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Hello:  We are the prime on a contract and have an interesting subcontracting issue being presented.  The assigned CO has a professional friendship with, or affinity for, one of our subcontractors.  Out of the 12 funded positions we have been awarded, 11 of those positions are staffed by the subcontractor's personnel at the CO's specific request.  As the prime, we have one position that is filled by our FT employee in XX role, but that employee is about to go out on maternity leave.  The CO relayed that even though the XX role is funded, there is not enough work for the XX role, so the CO does not want it backfilled.  This would essentially leave no prime employees on the contract.  We are where we are, but this does not sit right.  I understand that the prime needs to exercise control over the contract.  Does anyone know of any FAR provisions or other regulations that come into play here?   If we can site to some regulations that prohibit subcontractors from controlling prime contracts or that prohibits some of the other behavior that is essentially 'pushing' out the prime, I would be very grateful!  I looked in the contract but I don't see anything particularly helpful for this issue.

Many thanks!  

 

 

 

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Forgoing the FAR research for now, questions such as is your company a small business, and was the competition a small business set-aside would be helpful?  If so, there may limitation of subcontracting issues. What type of contract is it?   What type of service is the contract providing? The fact that the CO is directing you to subcontract out positions, could be indicative of a personal services type arrangement that the federal agency may or may not have the authority to pursue.  You are responsible, as the Prime, to perform the work as you see fit.  There should not be a Government person directing you to hire from a subcontractor, unless whatever work the subcontractor is doing is specifically called out for the subcontractor to perform.  That's my stream of consciousness for now.

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 Small Business Setaside?   If so FAR 52.219-14 would be in the contract.

Other than SB Setaside.  Suggest a review of FAR part 44 and consider any 52.244-XX clauses that might be in the contract.

Beyond my thoughts and those of others that will post, and based on the limited info in your post yet the implications it suggests, my gut reaction was - ethical matter.  In the worst case (so to speak) bringing the matter to the attention of the agency's Inspector General could be a possibility.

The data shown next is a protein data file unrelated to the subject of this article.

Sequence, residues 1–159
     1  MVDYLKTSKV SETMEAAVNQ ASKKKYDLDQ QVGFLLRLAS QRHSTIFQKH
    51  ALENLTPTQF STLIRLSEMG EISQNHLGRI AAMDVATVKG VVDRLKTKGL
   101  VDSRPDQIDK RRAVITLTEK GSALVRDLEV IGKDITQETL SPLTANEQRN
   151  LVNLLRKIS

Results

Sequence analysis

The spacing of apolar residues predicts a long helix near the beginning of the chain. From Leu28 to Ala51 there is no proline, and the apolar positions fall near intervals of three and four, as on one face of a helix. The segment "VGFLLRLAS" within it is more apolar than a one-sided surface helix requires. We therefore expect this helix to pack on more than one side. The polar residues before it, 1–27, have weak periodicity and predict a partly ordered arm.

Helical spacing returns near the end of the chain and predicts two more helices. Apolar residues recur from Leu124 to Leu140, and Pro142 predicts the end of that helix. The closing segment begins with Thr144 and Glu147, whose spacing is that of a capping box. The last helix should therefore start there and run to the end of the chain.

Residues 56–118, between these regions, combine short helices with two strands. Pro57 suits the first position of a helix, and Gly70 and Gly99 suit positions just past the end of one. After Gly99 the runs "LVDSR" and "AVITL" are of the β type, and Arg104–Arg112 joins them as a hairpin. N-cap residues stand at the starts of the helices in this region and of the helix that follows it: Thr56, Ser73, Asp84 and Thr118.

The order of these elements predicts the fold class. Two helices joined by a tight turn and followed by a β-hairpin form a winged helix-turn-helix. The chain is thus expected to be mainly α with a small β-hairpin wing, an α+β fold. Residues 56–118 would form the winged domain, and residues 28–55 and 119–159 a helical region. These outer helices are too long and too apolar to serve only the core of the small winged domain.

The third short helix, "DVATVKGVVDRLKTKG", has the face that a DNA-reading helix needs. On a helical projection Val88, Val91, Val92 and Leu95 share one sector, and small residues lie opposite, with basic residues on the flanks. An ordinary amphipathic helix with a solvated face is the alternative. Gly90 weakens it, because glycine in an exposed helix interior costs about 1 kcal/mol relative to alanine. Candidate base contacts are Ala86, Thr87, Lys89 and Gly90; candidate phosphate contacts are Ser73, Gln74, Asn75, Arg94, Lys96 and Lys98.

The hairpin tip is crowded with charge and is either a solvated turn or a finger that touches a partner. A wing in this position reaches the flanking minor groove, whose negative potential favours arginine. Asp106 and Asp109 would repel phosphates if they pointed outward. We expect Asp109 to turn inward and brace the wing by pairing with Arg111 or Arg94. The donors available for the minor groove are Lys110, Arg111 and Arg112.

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I hope you are keeping good records of all of the contracting officer’s decision-making and direction.  If he or she gives it orally, maybe you should follow-up with a confirming e-mail.  Maybe he or she is just giving helpful recommendations, and you are interpreting them as direction?  

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Hello:  Yes, this is a small business set aside contract and time and materials (I should have mentioned this previously!).  I know there are potential implications from a small business affiliation perspective (e.g., for purposes of this contract, both the prime and sub can be deemed affiliates).  Putting that aside, I was hoping there is something I could solidly point the CO to, as an indication that bounds are being overstepped. 

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The prime is responsible for its subcontractors. It sound like the CO, not the subcontractor, is controlling the the prime contract! I am not familiar with the world of "funded positions," however, it seems like the prime directed the subcontractor to assign certain employees to work. I would be very surprised if anyone found a regulation that "prohibits subcontractors from controlling prime contracts."   

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As to your disclosure that the prime and subcontractor are affililiates, if the affiliation is that your firm is controlled by a 3rd party and the 3rd party has a minority interest in the subcontractor, I don't see how you can say the affiliate controls your firm in any respect.

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Mr. Roberts is referring to FAR 42.202(e)(2). 
 

Quote

 

The prime contractor is responsible for managing its subcontracts. The CAO’s review of subcontracts is normally limited to evaluating the prime contractor’s management of the subcontracts (see Part 44). Therefore, supporting contract administration shall not be used for subcontracts unless --

(i) The Government otherwise would incur undue cost;

(ii) Successful completion of the prime contract is threatened; or

(iii) It is authorized under paragraph (f) of this section or elsewhere in this regulation.

 

Does one of the qualifications for the government to manage you subs apply? 

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On 7/1/2019 at 11:51 AM, lawyergirl said: